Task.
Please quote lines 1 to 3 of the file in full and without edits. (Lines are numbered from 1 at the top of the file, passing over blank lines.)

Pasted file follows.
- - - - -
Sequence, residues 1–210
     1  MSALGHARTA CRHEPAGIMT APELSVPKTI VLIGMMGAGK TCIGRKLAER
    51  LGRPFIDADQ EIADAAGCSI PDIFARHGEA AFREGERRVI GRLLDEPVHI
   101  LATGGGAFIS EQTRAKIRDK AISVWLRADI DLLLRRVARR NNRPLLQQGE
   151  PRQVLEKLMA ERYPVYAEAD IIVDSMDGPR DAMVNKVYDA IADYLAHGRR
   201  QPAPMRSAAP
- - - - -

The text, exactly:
Sequence, residues 1–210
     1  MSALGHARTA CRHEPAGIMT APELSVPKTI VLIGMMGAGK TCIGRKLAER
    51  LGRPFIDADQ EIADAAGCSI PDIFARHGEA AFREGERRVI GRLLDEPVHI